Gary's Story

On August 27, 2016, Gary had his entire life in front of him. In a national forest outside of Denver, he gathered with those closest to him to marry the love of his life. Guests contributed to the three-day, camp-inspired celebration in any way they could, whether it was preparing an Indian feast for the reception, making dreamcatcher decorations, singing Van Morrison at the ceremony, preparing group meals by the fire, or conducting yoga. In a clearing in the woods, lovingly decorated by their friends and family, they read their vows to one another– promising to support each other, for better or for worse... But nothing could prepare them for just how much worse things would soon become.

On December 17, a few short months after the wedding, Gary was diagnosed with ALS. A deluge of tests and misdiagnoses had reached a devastating finality. For months before the wedding, Gary had experienced strange symptoms— minor twitching, weakness in the hands, choking, voice changes. Only those closest to him noticed, though most, including his doctors, attributed the occurrences to stress. He was about to get married, had bought a new home, and had plenty of triggers to cause such a reaction. But as the months drew on, the symptoms got worse, and it was clear there was more than merely stress or a pinched nerve at play.

Home alone one night, Gary's new wife Katie sat in bed binging the docuseries VICE. Around midnight she considered turning in, but decided to watch one last episode, "Die Trying" a look inside the lives of people diagnosed with ALS. Ten minutes into the show, she knew. The way his hands looked; the sound of his voice. Frantic, she researched the best ALS doctors in Denver and made an appointment for Gary. After multiple MRIs and thousands of dollars in medical bills later, they finally received the devastating confirmation.

For those unfamiliar, ALS, also known as Lou Gehrig's disease, affects the motor neurons in a person's brain and spinal cord, causing muscles to rapidly waste away. ALS patients don't, however, experience any deterioration of the mind, and instead must endure remaining totally aware as the disease robs them of all bodily functions. Unfortunately, after only a few months after diagnosis, Gary is already experiencing major deterioration in his speech, his ability to walk and even simply buttoning his clothes. While there's hope for treatment and remission for those suffering with cancer, there is no stopping ALS. Once it hits it keeps progressing until the person afflicted is paralyzed and unable to communicate entirely. The life expectancy is 2-5 years.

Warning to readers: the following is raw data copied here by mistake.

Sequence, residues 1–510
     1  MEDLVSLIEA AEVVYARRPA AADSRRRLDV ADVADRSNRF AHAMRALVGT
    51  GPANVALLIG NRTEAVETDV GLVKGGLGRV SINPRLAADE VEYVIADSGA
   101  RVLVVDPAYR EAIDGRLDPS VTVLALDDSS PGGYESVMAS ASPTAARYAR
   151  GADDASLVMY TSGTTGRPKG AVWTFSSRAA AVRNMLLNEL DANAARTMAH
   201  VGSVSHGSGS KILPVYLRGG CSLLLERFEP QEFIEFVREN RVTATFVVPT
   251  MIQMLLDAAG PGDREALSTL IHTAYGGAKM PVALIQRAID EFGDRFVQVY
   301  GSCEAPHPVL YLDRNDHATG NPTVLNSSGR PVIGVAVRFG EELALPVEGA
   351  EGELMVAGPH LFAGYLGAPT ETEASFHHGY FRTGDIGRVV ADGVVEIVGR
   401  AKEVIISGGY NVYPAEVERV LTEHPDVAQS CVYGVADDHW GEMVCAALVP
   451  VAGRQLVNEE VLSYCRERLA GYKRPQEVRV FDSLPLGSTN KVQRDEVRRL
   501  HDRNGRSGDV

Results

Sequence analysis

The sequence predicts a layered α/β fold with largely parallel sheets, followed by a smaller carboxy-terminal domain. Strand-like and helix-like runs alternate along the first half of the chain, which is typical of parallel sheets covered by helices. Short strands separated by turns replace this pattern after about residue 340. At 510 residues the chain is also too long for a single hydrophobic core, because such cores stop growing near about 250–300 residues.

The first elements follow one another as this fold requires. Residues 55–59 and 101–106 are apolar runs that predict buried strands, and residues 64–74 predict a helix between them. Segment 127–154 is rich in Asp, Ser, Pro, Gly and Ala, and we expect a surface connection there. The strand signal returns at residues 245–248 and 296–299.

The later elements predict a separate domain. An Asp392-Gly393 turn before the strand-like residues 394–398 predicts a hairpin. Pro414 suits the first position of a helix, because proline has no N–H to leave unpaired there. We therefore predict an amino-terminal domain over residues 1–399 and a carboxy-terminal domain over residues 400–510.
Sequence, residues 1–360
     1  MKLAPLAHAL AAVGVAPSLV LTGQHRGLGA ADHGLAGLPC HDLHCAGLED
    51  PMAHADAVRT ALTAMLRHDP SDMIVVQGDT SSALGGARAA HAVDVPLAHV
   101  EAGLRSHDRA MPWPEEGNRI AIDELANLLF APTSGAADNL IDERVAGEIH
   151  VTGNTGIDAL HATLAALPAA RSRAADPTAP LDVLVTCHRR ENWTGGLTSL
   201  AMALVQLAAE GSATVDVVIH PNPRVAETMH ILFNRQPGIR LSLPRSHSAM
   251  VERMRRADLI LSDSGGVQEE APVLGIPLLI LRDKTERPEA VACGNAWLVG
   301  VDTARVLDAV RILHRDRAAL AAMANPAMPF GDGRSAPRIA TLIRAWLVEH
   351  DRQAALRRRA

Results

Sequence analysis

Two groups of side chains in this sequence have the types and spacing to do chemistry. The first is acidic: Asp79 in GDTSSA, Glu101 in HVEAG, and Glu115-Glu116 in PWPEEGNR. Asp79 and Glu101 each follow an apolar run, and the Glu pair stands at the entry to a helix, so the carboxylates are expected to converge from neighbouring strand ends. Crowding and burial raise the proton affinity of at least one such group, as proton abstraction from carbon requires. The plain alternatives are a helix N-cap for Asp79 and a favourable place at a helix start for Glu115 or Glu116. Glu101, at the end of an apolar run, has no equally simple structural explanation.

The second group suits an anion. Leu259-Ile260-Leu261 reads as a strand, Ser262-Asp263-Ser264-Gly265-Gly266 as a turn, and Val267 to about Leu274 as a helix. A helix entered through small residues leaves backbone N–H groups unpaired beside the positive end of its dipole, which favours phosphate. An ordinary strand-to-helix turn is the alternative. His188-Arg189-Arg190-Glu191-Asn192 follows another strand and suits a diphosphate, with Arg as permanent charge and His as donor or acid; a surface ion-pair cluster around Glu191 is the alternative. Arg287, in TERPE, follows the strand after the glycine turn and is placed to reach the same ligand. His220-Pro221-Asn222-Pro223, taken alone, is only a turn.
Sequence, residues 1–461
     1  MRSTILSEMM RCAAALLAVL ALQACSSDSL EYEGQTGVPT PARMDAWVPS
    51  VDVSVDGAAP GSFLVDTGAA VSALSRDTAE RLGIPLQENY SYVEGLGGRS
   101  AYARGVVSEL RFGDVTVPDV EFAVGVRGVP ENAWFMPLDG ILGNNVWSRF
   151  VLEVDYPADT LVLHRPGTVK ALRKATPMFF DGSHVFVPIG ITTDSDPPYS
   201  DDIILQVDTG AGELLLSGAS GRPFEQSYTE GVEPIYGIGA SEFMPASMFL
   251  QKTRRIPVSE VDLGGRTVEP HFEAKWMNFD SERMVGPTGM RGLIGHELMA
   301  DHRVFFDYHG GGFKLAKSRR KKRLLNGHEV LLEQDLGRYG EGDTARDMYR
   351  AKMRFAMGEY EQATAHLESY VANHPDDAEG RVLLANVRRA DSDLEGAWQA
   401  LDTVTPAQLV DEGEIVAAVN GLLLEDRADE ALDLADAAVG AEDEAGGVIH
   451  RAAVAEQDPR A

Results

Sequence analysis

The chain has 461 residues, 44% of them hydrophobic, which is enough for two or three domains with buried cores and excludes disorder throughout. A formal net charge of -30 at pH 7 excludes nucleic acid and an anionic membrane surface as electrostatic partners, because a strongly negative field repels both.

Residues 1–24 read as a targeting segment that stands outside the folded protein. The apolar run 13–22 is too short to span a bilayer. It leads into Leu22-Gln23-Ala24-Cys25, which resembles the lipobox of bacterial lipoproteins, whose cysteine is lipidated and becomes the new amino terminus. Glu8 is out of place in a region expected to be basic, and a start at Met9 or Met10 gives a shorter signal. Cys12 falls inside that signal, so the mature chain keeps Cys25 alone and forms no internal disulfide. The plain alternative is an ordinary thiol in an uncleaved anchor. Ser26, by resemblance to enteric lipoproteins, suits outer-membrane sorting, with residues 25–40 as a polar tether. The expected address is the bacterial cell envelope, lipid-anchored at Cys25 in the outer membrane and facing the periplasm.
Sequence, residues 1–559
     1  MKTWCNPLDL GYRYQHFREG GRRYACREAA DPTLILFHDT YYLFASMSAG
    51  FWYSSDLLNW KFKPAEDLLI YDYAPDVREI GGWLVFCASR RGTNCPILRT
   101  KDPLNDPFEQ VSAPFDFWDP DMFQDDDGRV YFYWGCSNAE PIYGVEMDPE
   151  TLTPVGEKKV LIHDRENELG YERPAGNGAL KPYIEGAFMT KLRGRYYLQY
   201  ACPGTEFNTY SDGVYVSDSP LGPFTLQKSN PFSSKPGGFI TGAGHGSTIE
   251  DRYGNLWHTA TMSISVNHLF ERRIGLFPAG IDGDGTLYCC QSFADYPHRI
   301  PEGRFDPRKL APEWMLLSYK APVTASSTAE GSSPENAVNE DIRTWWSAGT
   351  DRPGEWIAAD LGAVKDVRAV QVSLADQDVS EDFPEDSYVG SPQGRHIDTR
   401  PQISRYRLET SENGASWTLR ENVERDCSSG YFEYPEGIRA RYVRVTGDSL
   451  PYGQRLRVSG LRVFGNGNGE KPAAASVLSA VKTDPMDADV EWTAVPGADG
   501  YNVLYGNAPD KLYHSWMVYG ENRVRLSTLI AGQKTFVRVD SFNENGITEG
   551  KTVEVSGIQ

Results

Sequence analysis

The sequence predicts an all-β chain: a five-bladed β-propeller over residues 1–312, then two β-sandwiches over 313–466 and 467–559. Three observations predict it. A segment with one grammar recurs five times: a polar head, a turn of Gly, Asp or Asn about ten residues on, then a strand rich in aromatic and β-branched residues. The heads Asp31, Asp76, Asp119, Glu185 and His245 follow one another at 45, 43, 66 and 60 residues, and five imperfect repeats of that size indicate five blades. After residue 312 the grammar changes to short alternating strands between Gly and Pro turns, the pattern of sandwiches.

Refusing to wallow in devastation, Gary is doing the only thing he can do— live. His profound ability to confront such tragic circumstances daily and still find the positivity, light, and laughter in life is an inspiration. His will to experience as much as he can while he's still mobile is not only a testament to his strength and courage, but serves as a reminder to us all: life as you know it can be taken from you in an instant; nothing gold can stay. Being present and living life to the fullest should not simply be elusive concepts by which we hope to live, but rather a practiced doctrine at work in our lives.

For Gary, what should have been the beginning of his life as a husband, homeowner, and dog dad, has now turned into a terrifying reality. Every day he must overcome a new struggle and adjust his routine accordingly. Gary already needs help doing even the simplest of tasks, whether it's opening a jar, brushing his hair, or getting dressed. And the nightmare only continues. Soon, Gary will be wheelchair bound. He will require the care of an in-home nurse to assist his wife in making sure his needs are met. His medical bills will continue to pile up. He'll no longer be able to walk, speak, and even breathe without assistance.

Although we can't do anything to reverse the course of this unfair outcome and give Gary the life he deserves back, we can attempt to make the time he has left a little more comfortable. Just as his friends and family banded together to make his wedding day the magical celebration of love and life that it was, we now ask that you come together to ensure that he can live out the rest of his life in dignity and at peace.

If you're in a position to give, please do so by clicking donate. If you're not in a position to give, Gary will also be taking donations from companies for an upcoming benefit in his honor. Volunteer opportunities will soon be available as the inevitable need for constant care arises. Your compassion and generosity are greatly appreciated.



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Living With ALS

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